The New York Times reports: North Korea’s detonation of a sixth nuclear bomb on Sunday prompted the Trump administration to warn that even the threat to use such a weapon against the United States and its allies “will be met with a massive military response.’’
The test — and President Trump’s response — immediately raised new questions about the president’s North Korea strategy and opened a new rift with a major American ally, South Korea, which Mr. Trump criticized for its “talk of appeasement” with the North.
The underground blast was by far North Korea’s most powerful ever. Though it was far from clear that the North had set off a hydrogen bomb, as it claimed, the explosion caused tremors that were felt in South Korea and China. Experts estimated that the blast was four to sixteen times more powerful than any the North had set off before, with far more destructive power than the bombs dropped on the Japanese cities of Hiroshima and Nagasaki during World War II.
Yet after a day of meetings in the Situation Room involving Mr. Trump and his advisers, two phone calls between the president and Prime Minister Shinzo Abe of Japan, and even demands from some liberal Democrats to cut off North Korea’s energy supplies, Mr. Trump’s aides conceded that they faced a familiar conundrum.
While the Pentagon has worked up a series of military options for targeted strikes at North Korea’s nuclear and missile sites, Mr. Trump was told that there is no assurance that the United States could destroy them all in a lightning strike, according to officials with knowledge of the exchange. Cyberstrikes, which President Barack Obama ordered against the North’s missile program, have also been judged ineffective.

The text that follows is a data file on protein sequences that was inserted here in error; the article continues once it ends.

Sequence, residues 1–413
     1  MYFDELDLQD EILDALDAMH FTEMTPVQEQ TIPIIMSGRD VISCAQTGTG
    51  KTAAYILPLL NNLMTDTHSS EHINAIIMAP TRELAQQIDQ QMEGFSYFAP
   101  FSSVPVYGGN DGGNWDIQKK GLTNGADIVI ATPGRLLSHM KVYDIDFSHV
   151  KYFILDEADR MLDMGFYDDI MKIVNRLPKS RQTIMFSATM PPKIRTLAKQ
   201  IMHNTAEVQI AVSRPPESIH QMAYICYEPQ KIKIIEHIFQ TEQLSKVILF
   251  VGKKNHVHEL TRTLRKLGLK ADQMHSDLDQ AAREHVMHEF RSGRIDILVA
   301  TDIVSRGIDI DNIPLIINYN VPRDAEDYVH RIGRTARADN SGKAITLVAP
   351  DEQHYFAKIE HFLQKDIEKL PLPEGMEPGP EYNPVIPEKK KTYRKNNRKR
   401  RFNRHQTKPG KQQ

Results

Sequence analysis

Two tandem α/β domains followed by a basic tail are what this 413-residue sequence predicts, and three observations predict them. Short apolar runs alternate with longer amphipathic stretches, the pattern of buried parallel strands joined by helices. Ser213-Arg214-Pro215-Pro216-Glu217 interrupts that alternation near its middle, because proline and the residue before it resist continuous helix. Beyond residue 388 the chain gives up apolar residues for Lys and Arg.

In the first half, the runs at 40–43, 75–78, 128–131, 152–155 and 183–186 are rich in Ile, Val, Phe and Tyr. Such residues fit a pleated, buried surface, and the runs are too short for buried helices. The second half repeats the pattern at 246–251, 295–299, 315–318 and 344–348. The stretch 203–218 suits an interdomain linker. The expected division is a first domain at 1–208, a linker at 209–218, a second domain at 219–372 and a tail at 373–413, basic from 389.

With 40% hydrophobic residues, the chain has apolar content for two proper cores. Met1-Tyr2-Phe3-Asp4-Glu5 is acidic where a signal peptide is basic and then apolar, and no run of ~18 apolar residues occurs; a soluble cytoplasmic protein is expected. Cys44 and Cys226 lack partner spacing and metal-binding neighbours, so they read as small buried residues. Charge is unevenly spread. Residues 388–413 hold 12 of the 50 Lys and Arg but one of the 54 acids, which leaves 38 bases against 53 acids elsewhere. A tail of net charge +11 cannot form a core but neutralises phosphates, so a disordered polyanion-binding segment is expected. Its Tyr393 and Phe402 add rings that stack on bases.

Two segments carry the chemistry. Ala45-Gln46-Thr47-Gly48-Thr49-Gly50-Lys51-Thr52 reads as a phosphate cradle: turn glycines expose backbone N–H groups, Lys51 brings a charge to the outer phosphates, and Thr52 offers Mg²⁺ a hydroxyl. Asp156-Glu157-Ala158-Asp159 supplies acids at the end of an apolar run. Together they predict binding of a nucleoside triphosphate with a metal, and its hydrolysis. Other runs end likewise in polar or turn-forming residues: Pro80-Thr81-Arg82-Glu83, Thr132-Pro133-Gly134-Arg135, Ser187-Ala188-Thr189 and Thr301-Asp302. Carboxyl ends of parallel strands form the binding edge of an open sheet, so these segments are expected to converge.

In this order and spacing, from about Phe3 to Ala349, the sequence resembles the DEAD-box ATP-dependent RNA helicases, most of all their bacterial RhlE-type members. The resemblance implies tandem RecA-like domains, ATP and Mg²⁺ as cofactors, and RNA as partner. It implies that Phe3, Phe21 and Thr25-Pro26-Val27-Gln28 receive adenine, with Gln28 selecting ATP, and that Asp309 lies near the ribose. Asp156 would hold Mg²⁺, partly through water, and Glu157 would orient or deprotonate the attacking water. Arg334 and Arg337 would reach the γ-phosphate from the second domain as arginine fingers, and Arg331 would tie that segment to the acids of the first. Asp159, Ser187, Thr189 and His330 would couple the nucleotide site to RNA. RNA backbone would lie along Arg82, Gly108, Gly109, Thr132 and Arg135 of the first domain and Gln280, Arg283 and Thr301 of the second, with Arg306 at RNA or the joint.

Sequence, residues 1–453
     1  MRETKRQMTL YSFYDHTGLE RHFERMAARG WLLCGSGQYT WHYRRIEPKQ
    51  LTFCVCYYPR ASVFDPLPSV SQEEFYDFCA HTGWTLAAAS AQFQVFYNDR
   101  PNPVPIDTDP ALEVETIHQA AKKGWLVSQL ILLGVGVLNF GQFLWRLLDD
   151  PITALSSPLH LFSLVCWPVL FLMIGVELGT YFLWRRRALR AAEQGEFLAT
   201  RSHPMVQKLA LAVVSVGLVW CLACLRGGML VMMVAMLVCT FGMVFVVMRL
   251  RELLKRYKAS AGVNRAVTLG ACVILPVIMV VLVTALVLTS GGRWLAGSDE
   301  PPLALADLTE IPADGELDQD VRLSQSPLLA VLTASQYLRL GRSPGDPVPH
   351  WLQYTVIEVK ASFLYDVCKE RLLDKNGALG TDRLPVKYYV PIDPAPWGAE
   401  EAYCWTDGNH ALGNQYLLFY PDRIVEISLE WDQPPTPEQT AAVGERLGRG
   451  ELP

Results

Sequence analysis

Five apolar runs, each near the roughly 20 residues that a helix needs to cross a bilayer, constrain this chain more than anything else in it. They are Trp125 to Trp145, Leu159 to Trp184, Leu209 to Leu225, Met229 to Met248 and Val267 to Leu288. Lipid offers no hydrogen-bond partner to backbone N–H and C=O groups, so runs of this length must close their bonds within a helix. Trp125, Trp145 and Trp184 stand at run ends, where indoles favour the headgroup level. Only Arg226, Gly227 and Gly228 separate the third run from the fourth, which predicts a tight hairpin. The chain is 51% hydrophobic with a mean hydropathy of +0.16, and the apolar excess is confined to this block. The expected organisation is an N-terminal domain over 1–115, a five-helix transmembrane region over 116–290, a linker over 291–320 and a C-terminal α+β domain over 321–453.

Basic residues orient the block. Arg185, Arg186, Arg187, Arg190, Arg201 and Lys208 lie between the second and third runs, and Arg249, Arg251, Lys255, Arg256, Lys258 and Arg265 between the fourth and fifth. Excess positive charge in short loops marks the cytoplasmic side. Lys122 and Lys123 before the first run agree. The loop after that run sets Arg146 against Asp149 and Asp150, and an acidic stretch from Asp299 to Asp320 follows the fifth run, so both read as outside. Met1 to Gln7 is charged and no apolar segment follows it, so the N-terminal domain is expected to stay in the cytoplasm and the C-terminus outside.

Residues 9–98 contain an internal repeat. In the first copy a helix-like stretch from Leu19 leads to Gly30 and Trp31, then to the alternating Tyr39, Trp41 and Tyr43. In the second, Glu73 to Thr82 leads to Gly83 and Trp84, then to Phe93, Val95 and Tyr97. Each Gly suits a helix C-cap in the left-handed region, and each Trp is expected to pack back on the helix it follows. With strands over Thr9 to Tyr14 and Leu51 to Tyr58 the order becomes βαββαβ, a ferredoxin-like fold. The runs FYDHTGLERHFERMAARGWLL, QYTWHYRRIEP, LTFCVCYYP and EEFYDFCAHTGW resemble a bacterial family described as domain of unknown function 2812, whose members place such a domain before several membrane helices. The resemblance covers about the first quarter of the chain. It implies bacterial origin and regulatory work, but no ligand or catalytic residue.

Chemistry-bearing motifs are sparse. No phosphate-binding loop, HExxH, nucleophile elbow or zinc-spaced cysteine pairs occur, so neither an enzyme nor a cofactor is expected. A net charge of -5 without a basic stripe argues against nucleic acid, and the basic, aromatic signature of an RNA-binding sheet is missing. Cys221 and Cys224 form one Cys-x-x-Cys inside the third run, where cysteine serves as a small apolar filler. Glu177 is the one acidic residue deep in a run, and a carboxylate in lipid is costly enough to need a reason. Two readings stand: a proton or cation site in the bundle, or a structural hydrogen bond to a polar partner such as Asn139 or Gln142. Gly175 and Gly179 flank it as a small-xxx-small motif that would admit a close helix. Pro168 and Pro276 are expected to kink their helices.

Mr. Trump hinted at one extreme option: In a Twitter post just before he met his generals, he said that “the United States is considering, in addition to other options, stopping all trade with any country doing business with North Korea.’’
Taken literally, such a policy would be tantamount to demanding a stoppage of any Chinese oil to North Korea, essentially an attempt to freeze out the country this winter and bring whatever industry it has to a halt.
The Chinese would almost certainly balk; they have never been willing to take steps that might lead to the collapse of the North Korean regime, no matter how dangerous its behavior, for fear that South Korean and American troops would occupy the country and move directly to the Chinese border.
Beyond that, the economic disruption of ending all trade with China would be so huge inside the United States that Mr. Trump’s aides declined on Sunday to discuss the implications. [Continue reading…]